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In 1963, Paul Simon wrote the words, “Hello darkness my old friend” while in the solitude of his bathroom, a favorite writing place. The song was recorded in 1964 with, of course, Art Garfunkle, on their first album Wednesday Morning 3AM, just two guys and a guitar, and folk song warning of loneliness and isolation if this generation didn’t learn to connect to each other on some deeper level. The album failed. Simon and Garfunkle broke up. Their producer, Tom Wilson, not willing to give up, went ahead, without the presence or permission of the artists, asked Bob Dylan’s band to record with the original recording of Simon and Garfunkle, making The Sound of Silence a folk-rock anthem of a generation that saw assassinations, revolutions and riots, and Vietnam fought on their TVs.

It was a great song when Simon and Garfunkle stood there singing harmonies with just a guitar, but it needed a little translation to be heard.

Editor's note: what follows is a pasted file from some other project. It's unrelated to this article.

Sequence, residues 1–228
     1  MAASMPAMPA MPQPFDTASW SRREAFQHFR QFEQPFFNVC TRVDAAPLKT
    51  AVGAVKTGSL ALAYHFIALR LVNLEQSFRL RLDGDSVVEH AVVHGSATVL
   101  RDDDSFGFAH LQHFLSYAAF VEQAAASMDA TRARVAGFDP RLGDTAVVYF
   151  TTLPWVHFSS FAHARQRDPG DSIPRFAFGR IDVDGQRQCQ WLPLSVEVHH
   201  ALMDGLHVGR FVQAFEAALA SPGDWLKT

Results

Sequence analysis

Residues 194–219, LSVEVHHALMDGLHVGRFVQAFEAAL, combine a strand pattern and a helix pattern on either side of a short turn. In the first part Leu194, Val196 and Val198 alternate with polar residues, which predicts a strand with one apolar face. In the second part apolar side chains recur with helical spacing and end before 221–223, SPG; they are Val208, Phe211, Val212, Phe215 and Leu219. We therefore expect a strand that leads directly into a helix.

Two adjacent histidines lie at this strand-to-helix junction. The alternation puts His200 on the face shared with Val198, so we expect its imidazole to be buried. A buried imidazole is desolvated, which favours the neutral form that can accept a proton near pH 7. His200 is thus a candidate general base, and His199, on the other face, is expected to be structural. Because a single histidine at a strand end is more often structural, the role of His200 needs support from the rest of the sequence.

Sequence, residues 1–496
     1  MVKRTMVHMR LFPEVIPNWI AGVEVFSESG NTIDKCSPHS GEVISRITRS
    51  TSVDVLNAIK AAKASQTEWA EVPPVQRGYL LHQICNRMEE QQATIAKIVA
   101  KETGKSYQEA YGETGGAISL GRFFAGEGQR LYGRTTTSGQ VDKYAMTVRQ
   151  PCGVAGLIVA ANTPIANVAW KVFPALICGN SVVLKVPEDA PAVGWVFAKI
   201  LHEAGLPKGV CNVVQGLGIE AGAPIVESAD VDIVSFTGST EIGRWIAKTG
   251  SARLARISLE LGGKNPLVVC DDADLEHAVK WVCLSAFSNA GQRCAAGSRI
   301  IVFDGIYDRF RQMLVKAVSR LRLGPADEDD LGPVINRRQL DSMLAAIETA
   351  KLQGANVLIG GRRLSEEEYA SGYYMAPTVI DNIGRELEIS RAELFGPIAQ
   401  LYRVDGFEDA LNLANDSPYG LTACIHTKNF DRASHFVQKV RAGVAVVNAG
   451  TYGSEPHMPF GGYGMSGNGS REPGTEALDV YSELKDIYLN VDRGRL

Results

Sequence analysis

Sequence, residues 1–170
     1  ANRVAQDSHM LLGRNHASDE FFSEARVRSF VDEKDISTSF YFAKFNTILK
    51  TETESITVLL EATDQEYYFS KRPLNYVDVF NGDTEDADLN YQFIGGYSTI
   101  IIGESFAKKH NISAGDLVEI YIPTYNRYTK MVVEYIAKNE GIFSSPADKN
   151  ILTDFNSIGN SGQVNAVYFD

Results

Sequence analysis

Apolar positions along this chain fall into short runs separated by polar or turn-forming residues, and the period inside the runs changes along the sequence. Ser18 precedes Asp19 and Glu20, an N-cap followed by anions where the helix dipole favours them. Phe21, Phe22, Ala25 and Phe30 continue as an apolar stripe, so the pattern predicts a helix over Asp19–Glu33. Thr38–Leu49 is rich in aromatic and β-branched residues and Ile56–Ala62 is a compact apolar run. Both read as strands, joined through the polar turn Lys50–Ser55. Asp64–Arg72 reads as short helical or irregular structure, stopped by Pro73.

We return this week to Jesus, sitting on a hill with those who had joined him, followed him, were cautiously curious about who this Jesus was. His manifesto began with blessing the poor and the weak and those who shared what they had instead of the powerful and mighty. Jesus was talking about how they could live together.

Jesus is still there teaching! And he’s moved on to something that might seem completely different but is still rooted in the is what the law can be boiled down to: Loving God and loving your neighbor, he’s moved on to prayer, fasting, and worship.

It’s assumed that these practices will be part of the lives of those who are hearing Jesus teach–prayer with God of supplication and gratitude, fasting to bring focus and awareness, and worship that brings our attention and sets our values. Each of these practices remind us that we are not God, we are not in control, we are dependent, and what we will choose to be dependant on, where our values will be, our guiding principles.

We see it all in the way Jesus taught his disciples to pray, what we call the Lord’s Prayer, that we recite every week. Jesus is doing something here, teaching the disciples, and us, and every generation in between, one way to be in relationship with the Divine. That relationship isn’t about grandiose words, and it isn’t about asking for the latest, greatest, and most things. This is a relationship with God that is personal, intimate, surrendering, and life directing.